Our data lacked specificity regarding the duration and severity of chronic headache, TBI, and/or mental health conditions. We acknowledge that confounding variables such as life stress, psychological vulnerabilities (eg, hopelessness, impulsivity), sleep disturbance, concomitant medications, employment and marital status, and other social determinants of health may influence the associations between pain and suicidal behavior. Given that the comparison group in this analysis has other chronic pain conditions and not healthy control, it is less likely that the association we identified is spurious. The definition of chronicity using claim data may not always reflect the true characteristics of pain duration. For example, defining chronic headaches in this manner does not differentiate between a person who may have 2 headaches per month from someone who has more than 15 headaches per month. However, most likely those with persistent headache would have continued to follow up with their treating physicians. While this study captured medically confirmed SA, TBI, and chronic pain conditions using a broad range of ICD-9 codes, it is difficult to compile a completely comprehensive list of all possible ICD-9 codes to capture all patients with SA and different chronic pain conditions. It should be noted that EHR was only examined from 2000 to 2010, some veterans may have received a chronic pain diagnosis in years prior to this review, which could contribute to an underestimate of annual SA incidence at the beginning of the decade, the impact of this is likely low as we did not observe a significantly lower incidence in the first few years of the decade. In addition, patients who were lost to follow-up or chose to receive care outside the VHA system after their initial pain diagnoses were not included in our study. Finally, the use of physician verification for different types of pain, mental health, and SA may have resulted in underrepresentation. Historically, accurate reporting of suicide and suicide-related behaviors has been artificially low in most settings due to a number of factors including misclassification, fear and stigma, or a combination of factors.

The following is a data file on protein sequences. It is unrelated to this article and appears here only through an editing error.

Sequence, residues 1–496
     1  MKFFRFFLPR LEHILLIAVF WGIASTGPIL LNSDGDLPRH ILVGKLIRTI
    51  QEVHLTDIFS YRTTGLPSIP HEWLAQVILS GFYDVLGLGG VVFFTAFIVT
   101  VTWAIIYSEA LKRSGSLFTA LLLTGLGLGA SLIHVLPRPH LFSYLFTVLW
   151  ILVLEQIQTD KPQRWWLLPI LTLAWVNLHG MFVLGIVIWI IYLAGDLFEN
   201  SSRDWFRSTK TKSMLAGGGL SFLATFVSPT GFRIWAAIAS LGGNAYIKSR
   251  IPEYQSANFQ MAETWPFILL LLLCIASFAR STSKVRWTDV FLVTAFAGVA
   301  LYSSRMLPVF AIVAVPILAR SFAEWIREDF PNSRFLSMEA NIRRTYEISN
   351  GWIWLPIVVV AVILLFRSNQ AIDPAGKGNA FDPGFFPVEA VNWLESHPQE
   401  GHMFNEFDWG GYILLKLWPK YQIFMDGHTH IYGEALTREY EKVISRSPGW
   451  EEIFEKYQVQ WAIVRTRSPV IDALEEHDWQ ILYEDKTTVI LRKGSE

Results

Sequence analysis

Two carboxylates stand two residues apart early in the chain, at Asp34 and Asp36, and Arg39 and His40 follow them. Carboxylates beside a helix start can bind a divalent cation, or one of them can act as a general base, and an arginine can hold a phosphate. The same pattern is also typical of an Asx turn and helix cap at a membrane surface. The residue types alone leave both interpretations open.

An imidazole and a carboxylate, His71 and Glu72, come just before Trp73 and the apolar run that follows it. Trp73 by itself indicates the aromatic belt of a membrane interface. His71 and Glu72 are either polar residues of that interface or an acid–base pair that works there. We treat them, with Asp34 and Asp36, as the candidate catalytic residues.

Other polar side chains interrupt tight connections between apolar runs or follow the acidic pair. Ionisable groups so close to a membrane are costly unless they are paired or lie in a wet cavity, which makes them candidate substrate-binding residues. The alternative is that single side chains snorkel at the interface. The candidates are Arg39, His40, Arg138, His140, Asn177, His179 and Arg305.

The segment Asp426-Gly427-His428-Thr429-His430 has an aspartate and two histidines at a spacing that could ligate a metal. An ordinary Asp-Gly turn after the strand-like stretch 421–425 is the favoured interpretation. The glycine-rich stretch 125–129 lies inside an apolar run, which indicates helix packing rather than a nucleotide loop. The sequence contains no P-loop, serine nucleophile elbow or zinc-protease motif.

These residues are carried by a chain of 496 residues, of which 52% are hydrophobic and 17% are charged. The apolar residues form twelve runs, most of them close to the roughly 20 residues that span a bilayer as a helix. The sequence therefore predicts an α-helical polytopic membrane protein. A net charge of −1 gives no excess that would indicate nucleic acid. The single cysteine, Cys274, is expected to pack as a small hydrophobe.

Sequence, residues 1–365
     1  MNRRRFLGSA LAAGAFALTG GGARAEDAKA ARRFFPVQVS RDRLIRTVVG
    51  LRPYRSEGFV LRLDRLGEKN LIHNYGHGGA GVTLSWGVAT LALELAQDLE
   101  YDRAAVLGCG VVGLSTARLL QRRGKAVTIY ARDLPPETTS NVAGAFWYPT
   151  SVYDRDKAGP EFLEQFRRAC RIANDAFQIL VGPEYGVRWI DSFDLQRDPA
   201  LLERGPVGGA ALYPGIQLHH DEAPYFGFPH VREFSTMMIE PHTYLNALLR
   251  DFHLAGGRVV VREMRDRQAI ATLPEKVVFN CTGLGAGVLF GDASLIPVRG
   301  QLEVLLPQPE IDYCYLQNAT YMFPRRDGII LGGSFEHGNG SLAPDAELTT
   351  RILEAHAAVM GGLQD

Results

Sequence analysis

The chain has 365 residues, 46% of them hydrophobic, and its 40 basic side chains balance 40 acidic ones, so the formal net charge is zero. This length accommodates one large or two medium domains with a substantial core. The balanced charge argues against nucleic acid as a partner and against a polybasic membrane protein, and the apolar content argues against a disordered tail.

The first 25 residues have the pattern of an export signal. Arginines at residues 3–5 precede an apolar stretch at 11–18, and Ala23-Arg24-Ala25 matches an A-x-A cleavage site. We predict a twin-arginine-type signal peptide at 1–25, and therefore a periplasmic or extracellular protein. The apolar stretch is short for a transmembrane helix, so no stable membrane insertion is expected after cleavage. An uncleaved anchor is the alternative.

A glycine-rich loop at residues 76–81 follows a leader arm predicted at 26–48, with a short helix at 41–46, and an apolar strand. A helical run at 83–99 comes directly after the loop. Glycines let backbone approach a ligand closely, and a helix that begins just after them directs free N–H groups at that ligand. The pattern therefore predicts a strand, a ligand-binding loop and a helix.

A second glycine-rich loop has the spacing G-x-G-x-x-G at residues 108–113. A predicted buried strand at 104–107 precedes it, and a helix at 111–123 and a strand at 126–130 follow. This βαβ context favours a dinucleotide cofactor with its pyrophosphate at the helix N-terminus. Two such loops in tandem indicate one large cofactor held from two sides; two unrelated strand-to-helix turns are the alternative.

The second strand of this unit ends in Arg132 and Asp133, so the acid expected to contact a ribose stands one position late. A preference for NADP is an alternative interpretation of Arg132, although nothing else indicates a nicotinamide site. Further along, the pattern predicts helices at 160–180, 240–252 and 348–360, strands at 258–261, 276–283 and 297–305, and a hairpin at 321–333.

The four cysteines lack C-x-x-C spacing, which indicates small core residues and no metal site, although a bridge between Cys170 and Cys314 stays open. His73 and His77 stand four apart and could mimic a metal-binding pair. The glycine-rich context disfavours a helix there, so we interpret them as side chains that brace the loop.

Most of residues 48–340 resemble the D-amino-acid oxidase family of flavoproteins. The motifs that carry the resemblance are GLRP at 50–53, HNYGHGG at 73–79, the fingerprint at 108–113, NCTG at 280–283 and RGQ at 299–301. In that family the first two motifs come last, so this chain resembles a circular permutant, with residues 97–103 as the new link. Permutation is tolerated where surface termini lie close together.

Caution should also be taken when generalizing studies on veterans to the civilian population. The veteran population is primarily comprised of males. Patients with the VHA tend to be of higher acuity than the civilian population due to their unique military or combat experiences contributing to their medical conditions. Despite these limitations, the present study highlights the importance of chronic headache disorders and TBI in increasing SA risk.